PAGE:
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The Joy of Six: great European Championship performances

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From Kim Vilforts remarkable show of mental strenth to Francesco Toldos psychological war on penalty takers half a dozen sensational displays

1) Jean-Franois Domergue (France v Portugal, 1984)

Despite memorable efforts by Basile Boli and Zinedine Zidane, Manuel Amoros is the perpetrator of the greatest head-butt in the history of Les Bleus. Because when Amoros reacted to being felled by Denmarks Jesper Olsen in Frances opening group game at Euro 84 by trying to hurl a ball at the winger and then sticking a loaf on him, he copped a suspension that led to Jean-Franois Domergues first international start. Domergue was respected domestically his dynamism from left-back was one of the few highlights of Lyons season in 1983 and convinced Toulouse to sign him when Lyon were relegated but the extent of his international action prior to Euro 84 consisted of one half in a pre-tournament friendly against West Germany. But he came on as a substitute for Yvon Le Roux against Denmark and, following Amoross red card, kept his place for the remainder of the tournament. In the semi-final against Portugal he made an indelible impact on the European Championship, illuminating a classic match with the highlight of his career.

Michel Platini is remembered as the outstanding individual of Euro 84 and rightly so, for he was magnificent. And Domergue played upon that fact to make his own mark. When France were awarded a free-kick at the edge of the area in the 24th minute of the semi-final, the Portuguese goalkeeper, Bento, along with the entire watching world, expected Platini to unleash a shot. Frances captain had already scored seven goals in the tournament and could do almost anything he wanted from free-kicks. But I saw a little opening and asked Michel if I could hit it and he said: OK, go on, explained Domergue afterwards, accounting for the fact that he stepped up and walloped the free-kick into the top corner with the outside of his left foot, barely bringing a movement from the stunned Bento. France created many chances to extend their lead after that, with Domergue hurtling down the left with thrilling regularity, but Portugal drew level through Jordo in the 74th minute and then took the lead early in extra time, thanks to a volley by the same player. It was as if our whole world was falling in but we sort of said to each other: if were going to do anything, now is the time to do it and I think everyone just went for it, Domergue said.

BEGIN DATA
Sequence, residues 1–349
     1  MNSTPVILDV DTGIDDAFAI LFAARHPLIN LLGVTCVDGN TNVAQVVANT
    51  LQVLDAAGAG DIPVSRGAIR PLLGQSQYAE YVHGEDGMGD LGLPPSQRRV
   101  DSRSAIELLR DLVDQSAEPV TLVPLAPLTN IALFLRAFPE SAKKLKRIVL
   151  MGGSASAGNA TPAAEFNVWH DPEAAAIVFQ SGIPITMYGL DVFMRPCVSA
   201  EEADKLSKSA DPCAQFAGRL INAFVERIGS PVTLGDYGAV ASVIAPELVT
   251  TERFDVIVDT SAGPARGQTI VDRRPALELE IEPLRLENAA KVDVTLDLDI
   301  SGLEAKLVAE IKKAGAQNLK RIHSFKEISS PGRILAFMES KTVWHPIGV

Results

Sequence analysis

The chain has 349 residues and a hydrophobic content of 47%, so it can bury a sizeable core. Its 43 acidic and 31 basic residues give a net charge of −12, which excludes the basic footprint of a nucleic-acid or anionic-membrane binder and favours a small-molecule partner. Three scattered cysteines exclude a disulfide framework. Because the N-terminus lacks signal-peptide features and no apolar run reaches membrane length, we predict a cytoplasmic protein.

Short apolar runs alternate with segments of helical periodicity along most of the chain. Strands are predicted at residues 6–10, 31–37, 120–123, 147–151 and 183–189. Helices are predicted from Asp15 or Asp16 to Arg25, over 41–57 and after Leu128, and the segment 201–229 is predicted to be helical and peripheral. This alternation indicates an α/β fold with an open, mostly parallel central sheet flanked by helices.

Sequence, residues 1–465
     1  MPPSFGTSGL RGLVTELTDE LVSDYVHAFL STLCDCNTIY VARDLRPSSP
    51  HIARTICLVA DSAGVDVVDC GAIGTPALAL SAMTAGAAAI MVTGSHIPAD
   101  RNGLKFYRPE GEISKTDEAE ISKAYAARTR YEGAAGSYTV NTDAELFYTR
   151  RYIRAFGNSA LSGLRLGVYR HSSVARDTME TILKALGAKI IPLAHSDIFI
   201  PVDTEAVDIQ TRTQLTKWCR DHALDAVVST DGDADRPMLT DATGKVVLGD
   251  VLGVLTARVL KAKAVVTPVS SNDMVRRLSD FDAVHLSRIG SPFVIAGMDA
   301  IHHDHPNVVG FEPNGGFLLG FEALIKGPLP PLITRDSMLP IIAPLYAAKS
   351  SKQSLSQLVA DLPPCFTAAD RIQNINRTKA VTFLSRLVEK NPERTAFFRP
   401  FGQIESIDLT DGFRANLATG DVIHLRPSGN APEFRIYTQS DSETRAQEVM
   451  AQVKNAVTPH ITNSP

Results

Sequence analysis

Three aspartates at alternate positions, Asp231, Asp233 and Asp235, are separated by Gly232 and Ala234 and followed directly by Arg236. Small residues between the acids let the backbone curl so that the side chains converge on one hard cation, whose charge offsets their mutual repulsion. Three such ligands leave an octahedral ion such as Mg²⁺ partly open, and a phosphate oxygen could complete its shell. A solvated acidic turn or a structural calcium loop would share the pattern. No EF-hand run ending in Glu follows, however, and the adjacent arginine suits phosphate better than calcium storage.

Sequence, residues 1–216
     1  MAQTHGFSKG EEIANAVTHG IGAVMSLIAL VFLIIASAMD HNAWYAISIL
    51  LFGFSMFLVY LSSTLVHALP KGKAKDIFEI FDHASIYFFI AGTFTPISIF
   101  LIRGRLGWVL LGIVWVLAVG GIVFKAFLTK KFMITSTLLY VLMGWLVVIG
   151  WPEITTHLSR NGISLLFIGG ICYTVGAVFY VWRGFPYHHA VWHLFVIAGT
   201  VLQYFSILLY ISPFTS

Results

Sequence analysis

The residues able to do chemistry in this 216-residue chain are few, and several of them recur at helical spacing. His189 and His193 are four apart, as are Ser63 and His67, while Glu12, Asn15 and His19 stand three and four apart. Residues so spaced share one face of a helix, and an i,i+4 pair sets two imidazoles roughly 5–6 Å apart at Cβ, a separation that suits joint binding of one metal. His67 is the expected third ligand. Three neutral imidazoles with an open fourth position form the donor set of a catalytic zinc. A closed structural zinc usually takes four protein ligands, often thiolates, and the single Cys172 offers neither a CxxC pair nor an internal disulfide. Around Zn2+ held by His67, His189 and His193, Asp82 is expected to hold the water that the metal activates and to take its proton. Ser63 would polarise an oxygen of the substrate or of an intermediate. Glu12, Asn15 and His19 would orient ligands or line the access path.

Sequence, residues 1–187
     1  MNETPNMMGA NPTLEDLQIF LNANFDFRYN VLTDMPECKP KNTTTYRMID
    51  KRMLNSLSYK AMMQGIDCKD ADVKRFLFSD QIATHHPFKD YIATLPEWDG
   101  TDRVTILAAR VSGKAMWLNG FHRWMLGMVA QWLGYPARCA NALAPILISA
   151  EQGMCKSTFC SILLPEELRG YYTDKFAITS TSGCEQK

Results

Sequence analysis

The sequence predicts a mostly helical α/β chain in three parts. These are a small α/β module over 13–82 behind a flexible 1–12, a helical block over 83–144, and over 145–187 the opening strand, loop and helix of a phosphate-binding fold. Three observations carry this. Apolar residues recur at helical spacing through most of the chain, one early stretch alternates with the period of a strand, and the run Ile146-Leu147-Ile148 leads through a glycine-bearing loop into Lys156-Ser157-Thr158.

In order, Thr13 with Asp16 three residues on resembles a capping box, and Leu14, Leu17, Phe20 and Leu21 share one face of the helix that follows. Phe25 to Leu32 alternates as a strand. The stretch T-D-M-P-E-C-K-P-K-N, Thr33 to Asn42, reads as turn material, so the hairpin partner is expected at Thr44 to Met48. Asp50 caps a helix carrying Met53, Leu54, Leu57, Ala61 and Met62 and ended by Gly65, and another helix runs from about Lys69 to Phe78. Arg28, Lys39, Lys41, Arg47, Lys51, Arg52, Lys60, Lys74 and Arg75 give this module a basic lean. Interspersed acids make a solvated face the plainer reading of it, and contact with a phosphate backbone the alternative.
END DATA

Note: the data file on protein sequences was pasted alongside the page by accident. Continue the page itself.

Six minutes from full time, he mounted yet another raid down the left and pinged the ball into Le Roux near the Portuguese penalty spot. Le Rouxs shot was blocked and the ball rolled to Platini, who collapsed under a challenge by a defender. Before anyone could appeal for a penalty, Domergue strode forth and lashed the breaking ball past the outrushing Bento and into the roof of the net. Platini, inevitably, scored the winner in the 119th minute. Domergue never scored again for his country and, indeed, finished his career with only nine caps. But hell always have Portugal. PD

2) Ivo Viktor (Czechoslovakia v West Germany, 1976)